There is a limit on the rate of interest that lenders can charge borrowers in Canada. With two notable exceptions, interest rates above 60% annually are not legal.
The Federal Criminal Code, specifically Section 347, establishes a “criminal limit” of 60% interest, and defines the components on which that limit should be calculated.
The first notable exception is in Quebec. Judgments of the Court of Quebec have established that rates above 35% violate Section 8 of its Consumer Protection Act.
The second notable exception is for payday loans. Those products charge significantly higher rates of interest for short borrowing periods, typically less than a month.
When those products grew in popularity, both provincial and federal governments worked to create an exception to the Section 247 provision. Loans that met certain criteria (under $1,500, less than 60 days to repay) would not violate the Criminal Code, provided provinces had passed legislation to limit and enforce those loans.
To date, eight provinces have passed payday loan legislation. Quebec has not, relying on its 35% limit, while Newfoundland and Labrador has announced plans to legislate, but that process is incomplete.
The issue of criminal lending limits is discussed in detail in a 2018 Consumers Council of Canada report Consumer Experiences with Higher Cost Credit.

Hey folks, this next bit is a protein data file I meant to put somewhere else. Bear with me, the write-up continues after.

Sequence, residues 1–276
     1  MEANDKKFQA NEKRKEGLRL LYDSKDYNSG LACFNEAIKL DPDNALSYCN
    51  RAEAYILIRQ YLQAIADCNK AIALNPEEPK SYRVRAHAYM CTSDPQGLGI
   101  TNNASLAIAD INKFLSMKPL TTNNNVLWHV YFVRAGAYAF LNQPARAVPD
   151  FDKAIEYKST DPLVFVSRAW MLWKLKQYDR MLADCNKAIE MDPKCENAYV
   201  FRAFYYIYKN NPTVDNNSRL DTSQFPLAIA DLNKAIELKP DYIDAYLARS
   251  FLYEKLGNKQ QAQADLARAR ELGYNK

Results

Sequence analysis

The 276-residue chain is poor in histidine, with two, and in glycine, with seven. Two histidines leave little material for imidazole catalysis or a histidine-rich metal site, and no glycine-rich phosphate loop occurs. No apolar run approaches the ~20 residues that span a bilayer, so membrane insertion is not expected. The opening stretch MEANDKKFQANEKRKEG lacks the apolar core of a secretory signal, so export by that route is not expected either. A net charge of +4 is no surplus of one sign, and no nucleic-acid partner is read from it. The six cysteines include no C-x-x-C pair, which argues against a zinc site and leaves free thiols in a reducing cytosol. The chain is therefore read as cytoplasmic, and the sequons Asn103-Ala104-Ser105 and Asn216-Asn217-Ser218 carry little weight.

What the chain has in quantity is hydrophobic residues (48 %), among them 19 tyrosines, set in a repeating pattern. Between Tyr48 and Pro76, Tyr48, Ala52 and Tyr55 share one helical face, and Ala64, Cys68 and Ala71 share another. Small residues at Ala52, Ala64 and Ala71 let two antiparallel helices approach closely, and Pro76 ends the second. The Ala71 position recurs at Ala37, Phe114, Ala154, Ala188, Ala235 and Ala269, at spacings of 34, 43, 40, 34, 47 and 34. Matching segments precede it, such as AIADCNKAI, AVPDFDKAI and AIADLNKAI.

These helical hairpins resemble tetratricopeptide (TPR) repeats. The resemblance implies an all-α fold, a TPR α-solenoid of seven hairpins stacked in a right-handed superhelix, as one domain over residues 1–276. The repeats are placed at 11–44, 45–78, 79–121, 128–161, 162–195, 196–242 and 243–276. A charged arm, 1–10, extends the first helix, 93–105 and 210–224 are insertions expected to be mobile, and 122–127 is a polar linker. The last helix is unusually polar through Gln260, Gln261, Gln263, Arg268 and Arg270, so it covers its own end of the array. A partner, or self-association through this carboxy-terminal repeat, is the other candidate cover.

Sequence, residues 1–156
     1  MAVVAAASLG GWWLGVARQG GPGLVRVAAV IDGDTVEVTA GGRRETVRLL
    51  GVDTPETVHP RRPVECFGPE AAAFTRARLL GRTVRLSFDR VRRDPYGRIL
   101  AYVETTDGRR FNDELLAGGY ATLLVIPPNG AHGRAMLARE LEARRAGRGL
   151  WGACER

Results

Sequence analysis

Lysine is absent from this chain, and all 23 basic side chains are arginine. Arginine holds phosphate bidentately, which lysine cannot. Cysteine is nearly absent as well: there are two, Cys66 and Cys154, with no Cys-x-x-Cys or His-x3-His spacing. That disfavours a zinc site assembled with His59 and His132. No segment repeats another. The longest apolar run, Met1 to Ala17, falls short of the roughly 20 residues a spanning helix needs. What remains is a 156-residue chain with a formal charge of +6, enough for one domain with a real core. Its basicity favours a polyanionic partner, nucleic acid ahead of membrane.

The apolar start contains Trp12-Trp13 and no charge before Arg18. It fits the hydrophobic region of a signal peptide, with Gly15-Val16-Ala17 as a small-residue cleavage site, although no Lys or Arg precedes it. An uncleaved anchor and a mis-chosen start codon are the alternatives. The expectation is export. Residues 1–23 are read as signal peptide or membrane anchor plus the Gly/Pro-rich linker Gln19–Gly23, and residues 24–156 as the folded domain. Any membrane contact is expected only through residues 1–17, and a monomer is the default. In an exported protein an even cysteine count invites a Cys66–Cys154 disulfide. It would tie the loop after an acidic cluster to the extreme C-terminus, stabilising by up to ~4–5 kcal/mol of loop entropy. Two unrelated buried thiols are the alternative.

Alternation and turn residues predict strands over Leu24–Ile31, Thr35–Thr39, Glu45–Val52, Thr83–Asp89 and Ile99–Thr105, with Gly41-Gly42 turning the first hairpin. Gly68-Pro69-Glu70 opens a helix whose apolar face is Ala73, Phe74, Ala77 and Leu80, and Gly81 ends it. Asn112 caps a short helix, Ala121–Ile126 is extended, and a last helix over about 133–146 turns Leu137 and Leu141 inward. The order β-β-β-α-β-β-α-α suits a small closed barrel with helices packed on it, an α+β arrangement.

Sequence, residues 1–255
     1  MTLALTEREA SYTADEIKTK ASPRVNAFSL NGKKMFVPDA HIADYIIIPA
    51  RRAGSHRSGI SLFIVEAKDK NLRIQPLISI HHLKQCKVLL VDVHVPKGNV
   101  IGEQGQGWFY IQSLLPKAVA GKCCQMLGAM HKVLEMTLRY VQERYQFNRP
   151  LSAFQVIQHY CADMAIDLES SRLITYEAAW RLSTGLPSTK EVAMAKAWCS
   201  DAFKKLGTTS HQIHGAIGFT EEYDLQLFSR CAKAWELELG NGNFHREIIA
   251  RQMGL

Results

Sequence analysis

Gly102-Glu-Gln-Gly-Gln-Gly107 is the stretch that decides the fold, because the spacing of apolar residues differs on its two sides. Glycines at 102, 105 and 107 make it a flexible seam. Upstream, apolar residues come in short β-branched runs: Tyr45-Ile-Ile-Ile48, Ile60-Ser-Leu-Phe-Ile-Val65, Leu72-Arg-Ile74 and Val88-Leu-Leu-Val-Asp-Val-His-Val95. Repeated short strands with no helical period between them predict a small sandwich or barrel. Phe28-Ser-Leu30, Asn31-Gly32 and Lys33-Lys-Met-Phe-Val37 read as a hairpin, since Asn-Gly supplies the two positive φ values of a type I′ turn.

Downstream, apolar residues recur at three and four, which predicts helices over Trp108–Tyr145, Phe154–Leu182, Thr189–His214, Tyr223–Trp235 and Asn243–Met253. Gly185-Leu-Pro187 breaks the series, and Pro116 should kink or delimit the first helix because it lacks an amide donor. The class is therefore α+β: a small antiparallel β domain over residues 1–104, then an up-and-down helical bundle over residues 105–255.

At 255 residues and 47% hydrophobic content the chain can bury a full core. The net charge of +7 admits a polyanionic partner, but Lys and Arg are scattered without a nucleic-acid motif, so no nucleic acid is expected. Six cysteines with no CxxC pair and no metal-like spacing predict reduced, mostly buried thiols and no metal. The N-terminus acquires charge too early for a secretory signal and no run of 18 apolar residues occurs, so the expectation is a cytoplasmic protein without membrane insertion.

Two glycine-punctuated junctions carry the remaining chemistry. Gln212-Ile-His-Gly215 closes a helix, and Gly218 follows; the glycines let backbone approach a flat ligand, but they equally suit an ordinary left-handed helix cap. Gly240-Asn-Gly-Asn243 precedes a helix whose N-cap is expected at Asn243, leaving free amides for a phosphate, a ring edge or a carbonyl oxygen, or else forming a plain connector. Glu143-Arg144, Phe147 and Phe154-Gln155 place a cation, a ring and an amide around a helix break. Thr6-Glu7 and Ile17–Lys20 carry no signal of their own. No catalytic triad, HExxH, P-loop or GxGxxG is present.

That report notes another complication with enforcement. If a lender charges a rate of interest above the legal limits, how are consumers protected? Most provincial consumer protection offices indicate they have no ability to enforce in that area. The only potential for pro-active enforcement comes from the federal legislation.
Those looking for criminal enforcement are likely to be disappointed. In response to a query from researchers, the Federal Department of Justice indicated that the criminal interest rate legislation was introduced into Canadian law as a means to target loan sharking and was “not intended to act as a consumer protection tool.” The Criminal Code provision has led to “consumer protection” in instances when class action lawyers have mounted cases against lenders – these cases triggered the development of payday loan legislation – but not in instances when loans with rates higher than 60 per cent are offered in plain sight but without immediate evidence of the kind of threats sometimes associated with loan sharks to enforce repayment.